Clouds Around Trappist-1 Planets
Scientists have recently released a report regarding the atmospheres for the Trappist-1 system. Read on to learn more about what scientists have discovered.
Discovered in 1999, the Trappist-1 star amazed astronomers when in 2017, they found seven planets orbiting the star. Since then scientists have spent time working on learning more about the planets. They believe that one of the planets may have elements and conditions similar to Earth.
Trappist-1 Planet Atmosphere
A new paper written in The Astronomical Journal from November 9, 2018, suggests that some the planets may have atmospheres. Sarah Morgan, the lead researcher at John Hopkins University, used the Hubble Space Telescope to look at the planets. The telescope showed that the innermost five planets do not have clear hydrogen atmospheres.
The team used absorption spectroscopy and electromagnetic radiation to measure the planets. Furthermore, absorption spectroscopy works when trying to find interstellar clouds and if they contain molecules. In addition, the spectrum can also determine a planet’s atmospheric composition, temperature, pressure, and a planet’s mass.
Morgan’s team focused in on Trappist-1 d,e,f, and g. They compared their new computer models with the spectral data from Hubble. The results showed that d,e, and f probably have hazy or cloudy atmospheres. These atmospheres continued to change as the planet formed.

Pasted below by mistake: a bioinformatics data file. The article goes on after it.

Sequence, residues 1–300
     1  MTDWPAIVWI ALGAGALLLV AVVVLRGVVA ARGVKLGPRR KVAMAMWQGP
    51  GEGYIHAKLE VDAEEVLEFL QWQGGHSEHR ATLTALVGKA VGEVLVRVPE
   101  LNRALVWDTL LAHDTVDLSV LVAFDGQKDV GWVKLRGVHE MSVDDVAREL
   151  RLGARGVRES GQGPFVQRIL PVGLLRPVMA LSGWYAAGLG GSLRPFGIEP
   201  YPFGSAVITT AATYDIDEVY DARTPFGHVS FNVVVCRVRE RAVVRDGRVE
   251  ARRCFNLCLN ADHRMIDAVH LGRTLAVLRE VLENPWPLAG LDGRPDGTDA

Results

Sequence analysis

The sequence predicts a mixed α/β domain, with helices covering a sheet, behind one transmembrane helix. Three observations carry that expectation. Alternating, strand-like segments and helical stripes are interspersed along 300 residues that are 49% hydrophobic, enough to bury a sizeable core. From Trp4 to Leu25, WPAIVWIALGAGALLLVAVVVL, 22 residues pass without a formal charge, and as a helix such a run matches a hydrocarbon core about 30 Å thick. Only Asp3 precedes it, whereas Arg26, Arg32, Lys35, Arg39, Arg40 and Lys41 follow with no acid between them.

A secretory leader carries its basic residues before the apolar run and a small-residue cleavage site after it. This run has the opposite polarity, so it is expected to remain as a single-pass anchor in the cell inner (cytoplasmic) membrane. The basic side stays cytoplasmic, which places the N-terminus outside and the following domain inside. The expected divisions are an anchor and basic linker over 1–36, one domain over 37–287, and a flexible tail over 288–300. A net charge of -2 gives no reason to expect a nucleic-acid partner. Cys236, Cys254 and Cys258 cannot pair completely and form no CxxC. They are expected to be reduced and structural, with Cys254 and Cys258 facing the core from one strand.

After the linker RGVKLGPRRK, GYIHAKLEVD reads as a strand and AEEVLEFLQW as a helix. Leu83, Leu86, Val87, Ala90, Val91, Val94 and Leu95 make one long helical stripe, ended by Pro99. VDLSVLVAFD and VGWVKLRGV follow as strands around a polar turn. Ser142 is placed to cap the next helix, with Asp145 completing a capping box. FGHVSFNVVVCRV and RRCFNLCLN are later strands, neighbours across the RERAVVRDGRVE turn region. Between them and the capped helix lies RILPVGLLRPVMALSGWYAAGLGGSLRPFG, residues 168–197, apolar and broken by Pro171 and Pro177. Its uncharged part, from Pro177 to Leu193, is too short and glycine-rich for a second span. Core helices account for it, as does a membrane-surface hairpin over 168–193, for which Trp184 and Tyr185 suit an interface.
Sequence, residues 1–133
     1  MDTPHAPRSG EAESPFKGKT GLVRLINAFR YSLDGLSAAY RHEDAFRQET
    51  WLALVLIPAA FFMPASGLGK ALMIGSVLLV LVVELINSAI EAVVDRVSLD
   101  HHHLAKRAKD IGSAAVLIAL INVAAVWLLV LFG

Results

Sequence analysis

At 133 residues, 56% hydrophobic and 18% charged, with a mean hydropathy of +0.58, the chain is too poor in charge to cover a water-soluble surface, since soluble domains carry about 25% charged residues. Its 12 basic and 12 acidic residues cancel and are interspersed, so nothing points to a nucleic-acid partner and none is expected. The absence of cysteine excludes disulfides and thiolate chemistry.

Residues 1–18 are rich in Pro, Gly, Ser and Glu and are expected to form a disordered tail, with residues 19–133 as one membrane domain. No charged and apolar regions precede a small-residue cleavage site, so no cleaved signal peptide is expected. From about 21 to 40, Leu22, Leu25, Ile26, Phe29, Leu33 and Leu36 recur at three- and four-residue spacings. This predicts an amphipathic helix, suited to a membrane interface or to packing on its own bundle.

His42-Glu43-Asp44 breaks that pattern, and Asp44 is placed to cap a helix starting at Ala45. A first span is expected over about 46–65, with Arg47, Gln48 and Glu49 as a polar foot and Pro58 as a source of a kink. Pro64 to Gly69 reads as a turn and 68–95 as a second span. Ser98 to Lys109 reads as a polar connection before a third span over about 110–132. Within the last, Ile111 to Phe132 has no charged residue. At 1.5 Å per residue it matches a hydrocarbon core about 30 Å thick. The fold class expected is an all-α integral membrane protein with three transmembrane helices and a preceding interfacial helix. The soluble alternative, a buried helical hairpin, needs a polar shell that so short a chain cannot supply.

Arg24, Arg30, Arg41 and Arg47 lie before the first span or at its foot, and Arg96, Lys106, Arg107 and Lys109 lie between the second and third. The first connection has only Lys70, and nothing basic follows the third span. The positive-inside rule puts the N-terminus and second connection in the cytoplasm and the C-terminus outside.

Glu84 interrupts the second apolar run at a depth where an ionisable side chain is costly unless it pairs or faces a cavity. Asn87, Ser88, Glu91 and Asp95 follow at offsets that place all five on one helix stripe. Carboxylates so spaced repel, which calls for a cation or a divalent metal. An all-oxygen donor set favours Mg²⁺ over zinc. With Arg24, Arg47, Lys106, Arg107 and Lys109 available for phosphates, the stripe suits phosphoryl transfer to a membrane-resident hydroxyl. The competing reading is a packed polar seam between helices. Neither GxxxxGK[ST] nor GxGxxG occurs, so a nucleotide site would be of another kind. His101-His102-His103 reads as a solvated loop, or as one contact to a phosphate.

How did they reach this outcome? The team used recent laboratory astrophysics experiments that studied haze formation. This haze formation set a range within planetary temperatures and atmospheric compositions.
Trappist-1 g may have an atmosphere that formed when the planet formed. Since its formation, it has not changed very much. With regards to Trappist-1 f, they are not sure if this planet is similar to planet g.
What exactly is haze? Haze typically refers to dust, smoke, and other dry particulates that prevents a clear sky. A wildfire that has burned for days will create a haze in the atmosphere. The paper suggests that several of the planets have a primary atmosphere. A primary atmosphere forms from the gaseous matter from a nearby sun. These tend to be very thick in composition. The report also states that the atmospheres are not made up of hydrogen and helium.
“While a significant amount of H2 could prevent the atmospheres of TRAPPIST-1’s outer planets to freeze and thus enable their habitability, it would severely affect the potential for habitability of the inner planets. In order to be habitable, the later mus, therefore,e have lost most of their atmospheric hydrogen or have never accreted/outgassed significant amounts of hydrogen in the first place.” (Trappist, 2019)
With a clearer picture of the atmospheres, scientists can start determining whether these planets are habitable.
Right now scientists believe that Trappist-1 e has an atmosphere with high-altitude clouds. Furthermore, the planet may have an iron core making it very similar to Earth. Determining more information about the Trappist-1 system may take some time. We do not have the current technology to reach a system that is 39 light years away. A deep space probe would take hundreds of thousands of years to get near the planets. The question remains what will happen if they do determine whether Trappist-1 e can support human life. Unless technology changes we may never reach the Trappist-1 system. However, each day out knowledge increases and we hope that we may visit Trappist-1.